Having siblings, keeping a pet, or living on a farm helps protect infants against the development of atopic (allergic) diseases, but early infections increase the risk, according to new research from Denmark. This study will be available on bmj.com
on Friday 30 May 2004.
Researchers conducted four separate interviews with over 24,000 pregnant women (twice during their pregnancy and again when their child was 6 and 18 months old).
Information on atopic dermatitis and infections before 6 months of age were recorded. Data on factors associated with exposure to microbes, such as number of siblings, pet keeping, living on a farm, and attending day care, were also collected.
The risk of atopic dermatitis increased with each infectious disease before 6 months of age. This contrasts with the common belief that infectious diseases early in life may protect against the development of allergic diseases.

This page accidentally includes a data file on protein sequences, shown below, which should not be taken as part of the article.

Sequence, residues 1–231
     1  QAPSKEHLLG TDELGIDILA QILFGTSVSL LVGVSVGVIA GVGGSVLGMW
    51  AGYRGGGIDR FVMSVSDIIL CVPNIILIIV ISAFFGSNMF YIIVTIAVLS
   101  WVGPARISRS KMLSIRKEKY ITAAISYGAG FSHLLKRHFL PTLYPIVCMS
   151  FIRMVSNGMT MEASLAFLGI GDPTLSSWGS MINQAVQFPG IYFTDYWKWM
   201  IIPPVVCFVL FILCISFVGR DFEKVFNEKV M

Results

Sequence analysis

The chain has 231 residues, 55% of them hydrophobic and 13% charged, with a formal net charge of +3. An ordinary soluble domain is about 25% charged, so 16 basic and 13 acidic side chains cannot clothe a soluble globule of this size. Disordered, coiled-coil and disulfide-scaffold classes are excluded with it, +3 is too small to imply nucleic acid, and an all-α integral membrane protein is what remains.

However, the risk of atopic dermatitis decreased with each additional exposure to three or more siblings, day care, pet ownership, and farm residence. This protective effect remained after adjusting for number of infectious diseases, suggesting that it is established independently and very early in life, say the authors.
These findings support the importance of microbial exposure for preventing atopic dermatitis, but challenge the hypothesis that infectious diseases in infancy protect against its development, they conclude.
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Contact: Emma Dickinson
BMJ-British Medical Journal
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